Toyota Helps Make Parkland Emergency Room More Efficient

The team looked for ways to cut the patient discharge time to make the ER operate more smoothly.


Parkland Memorial Hospital CEO Dr. Fred Cerise was asking how the public hospital could move patients through the emergency room more quickly.

The Dallas Morning News reported that Cerise reached out to Plano-based Toyota Motor North America, which has a philanthropic arm that helps nonprofits to become more efficient at no cost. 


Thanks to help from Toyota, Parkland is reducing discharge time in its emergency room. [Photo courtesy of Parkland Memorial Hospital]

It turns out that Toyota’s experts had just what the doctor ordered for Parkland, which has one of the busiest ERs in the nation, treating 500 to 700 patients a day in a space that has just 118 beds.

Toyota’s team spent eight months working with Parkland’s doctors, nurses, and other ER staff, and they finished last month.

Had Parkland hired consultants for this type project, it would have cost hundreds of thousands of dollars, the Morning News said.

“This is really weird — they make cars, we help people.”

Stephanie Warnock

The team tackled the issue of “discharge time,” the time patients have to wait between a doctor’s discharge orders and when they actually leave the hospital, the newspaper said.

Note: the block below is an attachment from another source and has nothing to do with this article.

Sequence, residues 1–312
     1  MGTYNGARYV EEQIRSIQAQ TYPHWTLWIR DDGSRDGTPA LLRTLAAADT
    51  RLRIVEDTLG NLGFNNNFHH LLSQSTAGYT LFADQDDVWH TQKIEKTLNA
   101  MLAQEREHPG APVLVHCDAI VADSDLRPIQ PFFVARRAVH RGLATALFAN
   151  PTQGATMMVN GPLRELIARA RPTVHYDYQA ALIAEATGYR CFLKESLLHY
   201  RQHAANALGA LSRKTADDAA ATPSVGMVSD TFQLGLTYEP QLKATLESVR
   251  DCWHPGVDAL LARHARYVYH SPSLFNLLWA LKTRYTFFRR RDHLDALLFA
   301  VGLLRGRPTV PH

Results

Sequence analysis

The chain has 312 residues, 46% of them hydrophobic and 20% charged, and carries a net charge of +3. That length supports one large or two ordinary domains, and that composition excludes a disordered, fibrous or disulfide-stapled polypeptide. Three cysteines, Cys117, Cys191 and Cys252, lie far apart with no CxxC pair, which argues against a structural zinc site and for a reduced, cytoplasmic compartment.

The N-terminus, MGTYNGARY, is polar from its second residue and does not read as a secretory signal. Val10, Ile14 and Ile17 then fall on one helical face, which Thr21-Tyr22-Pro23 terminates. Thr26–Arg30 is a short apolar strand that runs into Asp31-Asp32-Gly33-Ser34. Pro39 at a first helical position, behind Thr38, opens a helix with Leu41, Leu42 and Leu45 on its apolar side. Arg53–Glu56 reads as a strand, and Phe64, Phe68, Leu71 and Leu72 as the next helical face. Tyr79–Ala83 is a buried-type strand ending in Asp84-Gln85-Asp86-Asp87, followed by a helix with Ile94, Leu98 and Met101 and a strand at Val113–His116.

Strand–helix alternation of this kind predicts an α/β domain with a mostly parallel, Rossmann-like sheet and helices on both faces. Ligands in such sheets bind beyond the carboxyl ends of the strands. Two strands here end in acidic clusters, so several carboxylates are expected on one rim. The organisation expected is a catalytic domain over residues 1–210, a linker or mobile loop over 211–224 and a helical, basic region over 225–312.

Reducing that wait time would open up beds more quickly for a new patient.

“This is really weird — they make cars, we help people,” nurse Stephanie Warnock told the Morning News about having a car company come in to evaluate and assist a hospital. “But it was really cool to see how you can apply the same mechanics to anything. It opened our eyes to things on the floor that needed to change.”


Photos courtesy of Parkland Memorial Hospital

Toyota’s team sought to simplify a system of lights above doors in the area that Parkland staff didn’t use because the codes were too complicated.

Here’s what the they did: A purple light means the room is clean and ready for its next patient. Orange signifies the patient is out of the room having X-rays taken. A green light means a physician has said the patient can go home, and a red light means the room needs to be cleaned.

Did it work?

The Morning News said that when the project began in February, average discharge time was 52 minutes. Once all the changes were in effect by September, the discharge time had been reduced to 31 minutes.

The team said it hopes to reach a goal of 15 minutes. 

Get on the list.

Sign up to keep your eye on what’s new and next in Dallas-Fort Worth, every day. 
And, you’ll be the first to get the digital edition of our new Dallas Innovates magazine: 
The annual edition publishes in January

One quick signup, and you’re done.   
View previous emails.

R E A D   N E X T

Comments are closed.